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Duma committee doesn't not support parliamentary probe of Serdyukov affair

February 13, 2014, 15:53 UTC+3 MOSCOW

On December 20, 2013, a package of documents needed for forming a committee to conduct a parliamentary investigation of Serdyukov’s activity was submitted in the State Duma

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Russian State Duma

Russian State Duma

© Mikhail Dzhaparidze

MOSCOW, February 13. /ITAR-TASS/. The committee for constitutional legislation and state construction of State Duma lower house of Russian parliament did not support Thursday an initiative of the Communist Party of Russia to conduct a parliamentary investigation into the affair of former Defence Minister Anatoly Serdyukov, who was charged with negligence in one fraud case and was also questioned as a witness in another embezzlement case.

“The Russian Investigative Committee is probing several criminal cases,” the committee said in its decision. “Meanwhile, investigation of several episodes is finalised, defendants are studying the case files,” the committee said.

Lawmakers from the parliamentary committee recalled that according to legislation “parliamentary investigation is not conducted in the facts and circumstances that the indictment contains and limited by corpus delicti.”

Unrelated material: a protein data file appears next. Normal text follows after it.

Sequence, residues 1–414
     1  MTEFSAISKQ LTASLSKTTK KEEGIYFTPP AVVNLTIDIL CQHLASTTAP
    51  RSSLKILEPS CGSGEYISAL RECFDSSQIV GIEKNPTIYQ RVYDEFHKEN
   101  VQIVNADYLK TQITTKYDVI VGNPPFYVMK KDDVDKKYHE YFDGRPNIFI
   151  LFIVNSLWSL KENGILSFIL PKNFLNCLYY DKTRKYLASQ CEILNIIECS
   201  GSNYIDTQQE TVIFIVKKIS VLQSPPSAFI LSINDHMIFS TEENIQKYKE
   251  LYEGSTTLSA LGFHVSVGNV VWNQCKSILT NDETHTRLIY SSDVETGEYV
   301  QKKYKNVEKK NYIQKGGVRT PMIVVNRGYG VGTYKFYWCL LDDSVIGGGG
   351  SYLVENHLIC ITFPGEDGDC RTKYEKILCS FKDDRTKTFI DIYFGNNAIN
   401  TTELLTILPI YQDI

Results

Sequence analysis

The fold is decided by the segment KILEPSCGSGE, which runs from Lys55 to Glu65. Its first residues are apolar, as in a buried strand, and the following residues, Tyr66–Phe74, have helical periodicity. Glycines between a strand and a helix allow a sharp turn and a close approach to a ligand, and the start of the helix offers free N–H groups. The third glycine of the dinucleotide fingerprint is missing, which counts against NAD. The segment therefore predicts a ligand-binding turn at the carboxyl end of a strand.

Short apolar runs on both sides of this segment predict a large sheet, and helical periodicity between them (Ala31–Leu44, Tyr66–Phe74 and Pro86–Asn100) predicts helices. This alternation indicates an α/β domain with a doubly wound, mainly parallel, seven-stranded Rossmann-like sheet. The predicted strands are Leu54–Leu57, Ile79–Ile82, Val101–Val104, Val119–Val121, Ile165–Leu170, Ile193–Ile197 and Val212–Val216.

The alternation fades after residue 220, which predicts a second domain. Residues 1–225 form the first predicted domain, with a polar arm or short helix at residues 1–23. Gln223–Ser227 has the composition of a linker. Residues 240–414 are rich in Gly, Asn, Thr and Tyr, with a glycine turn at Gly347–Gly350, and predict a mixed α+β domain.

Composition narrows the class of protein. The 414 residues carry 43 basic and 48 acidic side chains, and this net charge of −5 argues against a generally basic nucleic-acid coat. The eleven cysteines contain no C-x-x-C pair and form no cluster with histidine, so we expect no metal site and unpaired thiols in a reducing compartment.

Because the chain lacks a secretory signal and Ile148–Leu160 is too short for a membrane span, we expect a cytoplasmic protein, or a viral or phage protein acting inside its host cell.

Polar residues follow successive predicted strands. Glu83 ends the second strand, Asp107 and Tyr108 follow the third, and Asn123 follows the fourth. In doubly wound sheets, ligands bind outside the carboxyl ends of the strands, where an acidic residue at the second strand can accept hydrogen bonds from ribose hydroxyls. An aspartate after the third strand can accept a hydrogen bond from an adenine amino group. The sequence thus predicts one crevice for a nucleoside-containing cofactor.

So, “possible parliamentary investigation in circumstances laid out in a petition from deputies (Communists) should be terminated, because being a subject of investigation they may become a matter for a trial soon,” members of the committee ruled.

“Those materials, which our colleagues (initiators of investigation) produced, contain eight episodes, which should serve as a matter for the parliamentary committee to study them,” chairman of the committee from United Russia Vladimir Pligin noted. Citing a letter from deputy chairman of the Investigative Committee and head of the main military investigation department Alexander Sorochkin, he noted that all these episodes “are being studied by defendants and lawyers or are at the stage of investigation and at the start of procedure of studying case files.”

“So, the subject in the strict sense of the law on parliamentary investigation is included completely in the material of the criminal case and there are no prospects for conducting such a difficult procedure as parliamentary investigation,” Pligin reaffirmed.

The parliamentary committee has earlier made a request in the Investigative Committee over possible parliamentary probe, on which deputies from the factions of Communists and A Just Russia insisted.

According to the law, “facts of blatant or massive violations of human rights and freedoms guaranteed in Russian Constitution, circumstances related with man-made emergency situations and circumstances related with negative aftermath of natural and man-made emergency situations” can be subject to a parliamentary investigation. To launch a procedure of parliamentary investigation its initiators should produce evidence about concrete violations.

On December 20, 2013, a package of documents needed for forming a committee to conduct a parliamentary investigation of Serdyukov’s activity was submitted in the State Duma.

Communist deputy Anatoly Lokot noted earlier that 84 Communist lawmakers and 19 A Just Russia deputies had signed an address for launching an investigation. So, 103 deputies with 90 required signatures inked the initiative.

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